With the creation of a separate Telangana state, there were a lot of celebrations in the newly formed state. The people of the newly formed state have lot of hopes and the new government has a lot of work to do. Despite the necessity to concentrate on the road ahead, Telangana government seems to be more interested in continuing TRS’ official policy – claim victimhood.
There have been a slew of comments and decisions against people of Andhra ancestry from Telangana government since TRS assumed office. One of the duties of central government in our federal structure is to ensure a harmonious environment between peoples of different states. Historically, central government failed in this regard. There have been umpteen cases when people from other states suffered because of perceived exploitation. But in all these cases, there was no direct involvement of state apparatus in any discrimination. The case with Telangana is entirely different with state government encauraging it.
APSRC Act 2013 has been reduced to a joke with neither of the parties showing any interest whatsoever in respecting the central legislation. Some active citizens and bloggers like S Sudhir Kumar have been writing about how the central legislation is being reduced to being a waste paper! With neither of the states respecting anything in APSRC Act 2013, there is little doubt that the act has had no effect except to bifurcate the state. One would have expected that APSRC Act 2013 provides for safeguards against any discriminatory legislation in Telangana. With the situation at hand, it seems even with such safeguards, they would have been completely disregarded.
Almost every national media house has been blind to the discriminatory comments from Telangana government. Local media, though active on the issue, has been completely biased to one of the two sides leaving a gaping hole which must be filled with an objective analysis of the situation.
The Nativity Question
Nativity debate started by Telangana government is going in directions that were unforeseen. During Telangana movement, back in 2009, KCR made some statements that people of Andhra living in Telangana may not be affected if a new state for Telangana is created. In many debates on TV and in newspapers too, leaders of TRS were quite clear that the movement is to aim at developing Telangana and nobody needs to fear the consequences. However, there were remarks made by TRS leaders and KCR himself on several other occasions about returning to 1956 definitions of geographical structure and social conditioning of Telangana regions. The case here is simply that of “death by confusion and obfuscation”.
One would have expected central government to provide necessary safeguards in APSRC Act 2013 to obviate any legislation discriminating against “a or any set of people”. Our country has so far seen targeted schemes for various reasons but the case with Telangana is to legislate to deny a state privilege to “a or any set of people” based on ancestry! This is probably the first case of state sponsored targeted discrimination in India.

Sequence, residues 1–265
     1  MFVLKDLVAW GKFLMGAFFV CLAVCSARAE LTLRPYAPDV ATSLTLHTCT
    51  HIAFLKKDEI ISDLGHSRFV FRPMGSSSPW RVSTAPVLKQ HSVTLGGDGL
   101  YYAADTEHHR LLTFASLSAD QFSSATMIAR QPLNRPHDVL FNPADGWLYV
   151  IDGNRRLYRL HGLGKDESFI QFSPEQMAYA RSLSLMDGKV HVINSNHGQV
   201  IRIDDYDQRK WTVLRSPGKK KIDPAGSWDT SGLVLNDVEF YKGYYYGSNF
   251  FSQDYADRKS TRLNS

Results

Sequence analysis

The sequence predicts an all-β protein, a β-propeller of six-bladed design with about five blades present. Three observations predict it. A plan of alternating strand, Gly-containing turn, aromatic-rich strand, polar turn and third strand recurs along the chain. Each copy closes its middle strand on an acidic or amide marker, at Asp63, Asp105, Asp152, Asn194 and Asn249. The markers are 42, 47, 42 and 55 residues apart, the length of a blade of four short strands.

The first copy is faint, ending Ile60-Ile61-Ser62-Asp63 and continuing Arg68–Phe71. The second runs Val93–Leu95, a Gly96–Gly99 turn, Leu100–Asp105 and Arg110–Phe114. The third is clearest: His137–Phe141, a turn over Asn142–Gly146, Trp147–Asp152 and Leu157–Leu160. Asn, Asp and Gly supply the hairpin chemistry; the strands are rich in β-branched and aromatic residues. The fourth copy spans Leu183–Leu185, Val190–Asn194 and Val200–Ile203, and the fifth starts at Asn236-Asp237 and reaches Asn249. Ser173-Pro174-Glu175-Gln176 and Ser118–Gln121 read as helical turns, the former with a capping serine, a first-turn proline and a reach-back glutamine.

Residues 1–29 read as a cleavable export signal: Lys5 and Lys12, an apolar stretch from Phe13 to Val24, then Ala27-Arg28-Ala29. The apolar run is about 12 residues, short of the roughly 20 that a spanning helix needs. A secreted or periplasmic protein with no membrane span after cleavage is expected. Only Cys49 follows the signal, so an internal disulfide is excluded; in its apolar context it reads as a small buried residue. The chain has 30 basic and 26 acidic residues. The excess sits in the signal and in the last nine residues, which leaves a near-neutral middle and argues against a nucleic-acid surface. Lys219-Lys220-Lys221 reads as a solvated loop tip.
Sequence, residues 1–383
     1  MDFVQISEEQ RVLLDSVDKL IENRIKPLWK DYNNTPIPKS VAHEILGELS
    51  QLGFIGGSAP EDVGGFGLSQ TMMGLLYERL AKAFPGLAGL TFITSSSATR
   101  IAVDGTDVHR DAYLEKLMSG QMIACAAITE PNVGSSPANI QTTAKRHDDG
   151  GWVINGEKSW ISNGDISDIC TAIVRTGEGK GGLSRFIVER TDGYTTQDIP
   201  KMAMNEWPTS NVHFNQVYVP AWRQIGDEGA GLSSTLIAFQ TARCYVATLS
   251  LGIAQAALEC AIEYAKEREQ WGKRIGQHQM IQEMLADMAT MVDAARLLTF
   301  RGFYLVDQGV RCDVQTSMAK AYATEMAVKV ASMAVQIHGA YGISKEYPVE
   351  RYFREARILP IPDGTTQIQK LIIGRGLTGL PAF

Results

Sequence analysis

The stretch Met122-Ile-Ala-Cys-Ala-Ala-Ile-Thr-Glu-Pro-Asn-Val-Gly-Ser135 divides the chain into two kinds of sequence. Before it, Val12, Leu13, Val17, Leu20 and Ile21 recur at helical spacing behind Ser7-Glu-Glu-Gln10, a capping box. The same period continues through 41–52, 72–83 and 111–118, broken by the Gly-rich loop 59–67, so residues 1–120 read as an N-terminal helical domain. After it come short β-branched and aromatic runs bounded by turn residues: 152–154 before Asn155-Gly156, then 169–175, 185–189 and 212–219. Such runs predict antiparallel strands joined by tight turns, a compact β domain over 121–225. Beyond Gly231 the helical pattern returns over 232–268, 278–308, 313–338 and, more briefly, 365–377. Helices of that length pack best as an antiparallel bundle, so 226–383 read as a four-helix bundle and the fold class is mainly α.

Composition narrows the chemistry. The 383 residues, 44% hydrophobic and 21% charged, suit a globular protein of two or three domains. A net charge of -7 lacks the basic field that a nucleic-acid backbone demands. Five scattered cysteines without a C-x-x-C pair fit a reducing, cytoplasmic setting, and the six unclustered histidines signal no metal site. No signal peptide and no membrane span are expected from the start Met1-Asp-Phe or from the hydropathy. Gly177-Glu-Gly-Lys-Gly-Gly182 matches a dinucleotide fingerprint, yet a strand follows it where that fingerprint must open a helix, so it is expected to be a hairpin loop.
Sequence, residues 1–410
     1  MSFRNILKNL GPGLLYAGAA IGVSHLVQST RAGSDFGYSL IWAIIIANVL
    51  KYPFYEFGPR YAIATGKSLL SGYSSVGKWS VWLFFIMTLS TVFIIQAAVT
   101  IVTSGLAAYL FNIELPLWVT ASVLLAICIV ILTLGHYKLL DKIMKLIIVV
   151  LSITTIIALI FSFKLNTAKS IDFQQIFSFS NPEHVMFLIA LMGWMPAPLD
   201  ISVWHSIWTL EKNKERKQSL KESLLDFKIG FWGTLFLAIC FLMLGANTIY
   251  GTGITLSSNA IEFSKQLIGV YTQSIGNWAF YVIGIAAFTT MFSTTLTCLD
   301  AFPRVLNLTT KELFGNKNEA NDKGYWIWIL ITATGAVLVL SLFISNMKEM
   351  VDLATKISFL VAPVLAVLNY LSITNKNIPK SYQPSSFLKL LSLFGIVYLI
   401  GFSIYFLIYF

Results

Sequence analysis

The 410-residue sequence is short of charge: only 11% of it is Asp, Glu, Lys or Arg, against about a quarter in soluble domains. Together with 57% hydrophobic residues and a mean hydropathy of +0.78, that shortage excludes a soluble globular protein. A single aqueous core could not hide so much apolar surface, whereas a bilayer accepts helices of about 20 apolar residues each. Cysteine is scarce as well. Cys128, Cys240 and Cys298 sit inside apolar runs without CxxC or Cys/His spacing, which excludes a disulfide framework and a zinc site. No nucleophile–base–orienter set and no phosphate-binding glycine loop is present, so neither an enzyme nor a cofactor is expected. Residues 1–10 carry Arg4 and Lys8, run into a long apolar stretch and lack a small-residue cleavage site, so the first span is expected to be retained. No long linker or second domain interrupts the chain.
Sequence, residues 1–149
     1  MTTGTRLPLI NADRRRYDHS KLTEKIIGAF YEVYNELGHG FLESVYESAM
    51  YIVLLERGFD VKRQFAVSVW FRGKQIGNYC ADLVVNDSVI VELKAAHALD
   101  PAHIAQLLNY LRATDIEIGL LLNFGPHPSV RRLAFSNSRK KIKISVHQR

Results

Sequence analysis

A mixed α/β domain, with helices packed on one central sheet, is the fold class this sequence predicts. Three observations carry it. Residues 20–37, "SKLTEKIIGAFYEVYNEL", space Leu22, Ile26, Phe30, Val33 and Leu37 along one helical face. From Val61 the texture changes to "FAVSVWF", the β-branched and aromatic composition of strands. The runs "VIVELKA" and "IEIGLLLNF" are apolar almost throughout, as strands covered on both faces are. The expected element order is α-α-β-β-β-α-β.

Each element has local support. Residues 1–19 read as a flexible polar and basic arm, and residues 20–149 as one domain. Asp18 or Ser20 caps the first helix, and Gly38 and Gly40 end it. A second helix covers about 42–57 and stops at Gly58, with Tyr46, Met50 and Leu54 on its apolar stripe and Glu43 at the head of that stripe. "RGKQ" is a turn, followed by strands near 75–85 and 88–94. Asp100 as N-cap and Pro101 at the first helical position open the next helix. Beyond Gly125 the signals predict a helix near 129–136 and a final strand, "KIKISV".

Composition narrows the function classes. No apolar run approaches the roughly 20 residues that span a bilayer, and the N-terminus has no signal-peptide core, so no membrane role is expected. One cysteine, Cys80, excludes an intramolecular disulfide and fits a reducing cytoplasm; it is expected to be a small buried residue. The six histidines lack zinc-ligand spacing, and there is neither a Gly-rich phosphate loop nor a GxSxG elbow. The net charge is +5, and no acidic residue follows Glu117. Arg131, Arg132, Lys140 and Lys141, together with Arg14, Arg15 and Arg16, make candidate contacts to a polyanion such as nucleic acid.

Several recent statements from Telangana government (mind you, Telangana government and not TRS) have been nothing but discriminatory in principle. If Telangana government were to say, we want to target these schemes to sections of Telangana economically backward, socially backward etc., it would probably stand the test of public scrutiny and may even border at being humane. But that Telangana government insists that it would like to legislate to “deny” something to people of a particular ancestry is alarming, and in a way, disgusting!
The 1956 rule states the condition of nativity as a) the person should be born in Telangana and b) that the mother and father of the person should have be educated in Telangana. The flaw in the rule is its application in retrospection. Applying nativity rule retrospectively is plain unjust. If nativity rule were to simply state birth in Telangana, it would have been a just claim. KCR didn’t leave enough room for himself to arrive at any such just nativity rule in the run up to the general elections. The whole debate on nativity rule is simply an outcome of KCR’s political ambitions.
Most people make the mistake of clubbing land reforms proposed by Telangana in the same bracket as discrimination. This is a wrong notion. It should be kept in mind that “land reforms by state governments” cannot be called discrimination, especially because 7th schedule of Constitution of India makes it not just a power but also a duty of a state government. There is a motivation behind this provision and this post is not the appropriate place to discuss it.
Telangana is not similar to J&K
While all this drama was unfolding in the telugu speaking region of the country, TRS MP K Kavitha made bizarre statements in an ideas exchange program organized by the national newspaper Indian Express. The statements are pertaining to J&K. She seems to have tried to make an equivalency between J&K and Telangana as the oppressed. The equivalency is fake to start with but the J&K separatists and pakistani media were the only ones who were excited with these statements.
Jammu and Kashmir and Telangana were both forcefully and at the same time annexed to the Indian Union. When I say I feel strongly, it’s because we were both separate countries, but were merged with the Indian Union after Independence. In 1947, we were not a part of India. After 1947, we became a part of India. Then the troubles really started. None of our people was very rich before. So it’s from the people’s perspective that I’ve started reading about Jammu and Kashmir. We need to solve issues, particularly the Kashmiri Pandits’ issue which is put up in the agenda of the BJP. They say we can all take them back home, but it is just a political statement. You have to create a safe environment before you take them there. We need to come out clean on Jammu and Kashmir. Few parts were not ours, we should agree, we should redraw the international lines, and move on. Development is suffering and you see frequent bombings.